Allocating Chinese state capital on public infrastructure projects in Serbia 
By Imogen Liu (CHERN STSM Grantee)​

The political visibility of Chinese state-coordinated infrastructure projects has increased since the launch of policy initiatives like the Belt and Road and the 17+1, a multilateral platform for cooperation between China and Central and Eastern European Countries. The 17+1 initiative has accelerated China’s infrastructural presence in Central and Eastern Europe. Beijing committed 12.2 billion euros in loans for construction projects in 16 Central and Eastern European states in the period 2007-2017. The Western Balkans, comprising the six non-EU Western Balkan states of Albania, Bosnia and Herzegovina, Kosovo, Montenegro, North Macedonia and Serbia, have been the primary recipients of these state-backed loans in Europe, with Serbia the overwhelming recipient. Based on an original database of ongoing Chinese infrastructure projects in the Western Balkans as of October 2020, Serbia is currently the largest debtor with loan agreements worth over 2 billion euros.*

Chinese infrastructure projects, more specifically Engineering, Procurement, Construction (EPC) projects, wherein the public investor (i.e. the Serbian government) need only ‘turn the key’ once the project is completed and delivered by the main contractor (i.e. the Chinese state-owned construction firm), are negotiated bilaterally at the government to government level, between Chinese and Serbian leaders. These commitments reinforce an impression that the allocation of Chinese state-owned capital takes place only at the top level and primarily reflect the political-strategic interests of the Chinese state elite. In the context of Serbia, the dominant narrative is geopolitical, wherein Serbia is seen to be an important corridor to Western European markets.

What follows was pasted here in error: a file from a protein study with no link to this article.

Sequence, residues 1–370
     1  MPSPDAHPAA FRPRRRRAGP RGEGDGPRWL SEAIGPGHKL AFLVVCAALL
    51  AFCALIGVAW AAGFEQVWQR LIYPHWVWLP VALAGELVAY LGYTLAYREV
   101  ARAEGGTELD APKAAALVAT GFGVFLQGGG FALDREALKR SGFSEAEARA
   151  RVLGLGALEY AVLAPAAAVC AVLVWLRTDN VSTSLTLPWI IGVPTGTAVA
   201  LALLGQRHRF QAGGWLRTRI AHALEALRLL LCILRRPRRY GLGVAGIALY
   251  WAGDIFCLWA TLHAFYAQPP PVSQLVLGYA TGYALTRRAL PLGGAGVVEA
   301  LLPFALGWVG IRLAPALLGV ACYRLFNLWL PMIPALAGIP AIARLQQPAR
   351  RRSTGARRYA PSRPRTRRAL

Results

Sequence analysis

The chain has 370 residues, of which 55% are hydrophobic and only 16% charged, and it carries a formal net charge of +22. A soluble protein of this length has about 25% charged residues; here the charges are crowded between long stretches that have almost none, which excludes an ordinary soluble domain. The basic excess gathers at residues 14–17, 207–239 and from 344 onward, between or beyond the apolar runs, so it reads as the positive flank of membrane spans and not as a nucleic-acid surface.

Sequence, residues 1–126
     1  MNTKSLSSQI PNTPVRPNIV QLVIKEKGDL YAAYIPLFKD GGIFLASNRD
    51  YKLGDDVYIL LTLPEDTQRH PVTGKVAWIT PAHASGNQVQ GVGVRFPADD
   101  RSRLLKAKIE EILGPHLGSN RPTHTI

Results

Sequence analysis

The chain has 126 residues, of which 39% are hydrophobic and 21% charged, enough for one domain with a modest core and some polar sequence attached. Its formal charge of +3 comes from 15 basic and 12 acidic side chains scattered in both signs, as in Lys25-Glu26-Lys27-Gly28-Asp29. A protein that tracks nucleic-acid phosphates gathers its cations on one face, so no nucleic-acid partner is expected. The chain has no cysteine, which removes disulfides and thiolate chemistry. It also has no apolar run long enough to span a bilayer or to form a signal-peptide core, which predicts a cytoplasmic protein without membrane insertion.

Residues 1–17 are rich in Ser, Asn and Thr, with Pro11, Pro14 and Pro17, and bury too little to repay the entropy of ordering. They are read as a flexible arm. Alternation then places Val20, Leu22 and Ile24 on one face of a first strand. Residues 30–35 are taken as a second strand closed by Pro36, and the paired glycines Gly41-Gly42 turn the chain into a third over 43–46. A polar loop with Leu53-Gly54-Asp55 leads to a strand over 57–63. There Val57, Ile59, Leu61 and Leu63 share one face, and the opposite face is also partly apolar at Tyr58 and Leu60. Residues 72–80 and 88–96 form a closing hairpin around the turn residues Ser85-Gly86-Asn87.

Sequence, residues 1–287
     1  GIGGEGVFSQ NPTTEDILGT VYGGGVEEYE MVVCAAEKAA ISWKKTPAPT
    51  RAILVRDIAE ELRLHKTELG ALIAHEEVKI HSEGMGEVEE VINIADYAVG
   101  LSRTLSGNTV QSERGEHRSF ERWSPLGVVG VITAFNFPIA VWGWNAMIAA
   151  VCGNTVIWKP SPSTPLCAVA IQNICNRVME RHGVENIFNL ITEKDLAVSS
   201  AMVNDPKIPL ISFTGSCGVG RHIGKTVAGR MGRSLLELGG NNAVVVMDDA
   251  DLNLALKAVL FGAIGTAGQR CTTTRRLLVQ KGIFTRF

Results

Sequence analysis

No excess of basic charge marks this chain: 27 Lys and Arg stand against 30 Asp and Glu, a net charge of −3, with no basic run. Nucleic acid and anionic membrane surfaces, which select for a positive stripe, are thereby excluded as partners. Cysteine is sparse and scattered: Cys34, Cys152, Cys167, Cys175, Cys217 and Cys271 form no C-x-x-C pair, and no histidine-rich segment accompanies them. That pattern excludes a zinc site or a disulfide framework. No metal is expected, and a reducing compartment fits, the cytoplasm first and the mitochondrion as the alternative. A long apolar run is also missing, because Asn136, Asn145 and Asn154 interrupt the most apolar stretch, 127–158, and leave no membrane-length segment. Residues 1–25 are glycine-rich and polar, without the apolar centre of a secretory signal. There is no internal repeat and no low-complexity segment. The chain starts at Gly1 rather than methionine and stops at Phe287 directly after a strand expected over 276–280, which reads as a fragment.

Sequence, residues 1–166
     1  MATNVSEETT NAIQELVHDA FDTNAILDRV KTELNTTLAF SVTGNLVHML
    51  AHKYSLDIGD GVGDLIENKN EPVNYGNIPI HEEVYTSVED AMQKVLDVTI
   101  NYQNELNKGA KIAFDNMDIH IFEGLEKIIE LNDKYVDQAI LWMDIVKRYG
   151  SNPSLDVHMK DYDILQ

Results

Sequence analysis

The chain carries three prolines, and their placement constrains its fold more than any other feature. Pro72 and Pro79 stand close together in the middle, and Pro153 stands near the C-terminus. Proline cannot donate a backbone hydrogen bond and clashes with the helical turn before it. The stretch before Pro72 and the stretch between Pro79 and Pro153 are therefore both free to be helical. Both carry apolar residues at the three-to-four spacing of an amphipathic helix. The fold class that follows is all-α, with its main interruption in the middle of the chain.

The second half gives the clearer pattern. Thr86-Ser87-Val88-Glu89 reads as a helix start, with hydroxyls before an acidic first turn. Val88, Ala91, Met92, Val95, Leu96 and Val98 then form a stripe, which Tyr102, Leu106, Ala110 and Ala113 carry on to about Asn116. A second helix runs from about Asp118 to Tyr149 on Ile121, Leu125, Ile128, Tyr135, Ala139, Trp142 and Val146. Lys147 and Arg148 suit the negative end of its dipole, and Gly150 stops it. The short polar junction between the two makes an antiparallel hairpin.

Such geo-strategic reasoning masks the allocation decisions that take place at the local, operational level, obscuring the developmental footprint of Chinese state capital in Europe. The labour sub-contracting on infrastructure projects is a key area where the allocation of state capital takes place at the operational level, between the main contractor and a complex pyramid of sub-contractors both Chinese and local Serbian.
All sub-contracting selection is in theory made by the main contractor named in the bilaterally negotiated commercial contract. The main contractor is usually a central-level state-owned enterprise, who has the zizhi 资质, connoting calibre, legitimacy or qualification, to take final responsibility on the delivery of the overall project, but they rarely employ workers directly. A Chinese EPC project ends up mobilising a cluster of associated SOEs and private enterprises. Contractors have considerable allocative power over the selection of lower-tier sub-contractors and workers. On projects observed in Serbia, building construction works are made by Chinese workers whereas Serbian sub-contractors are typically engaged to operate heavy machinery, such as cement mixers, which require Serbian certification to operate.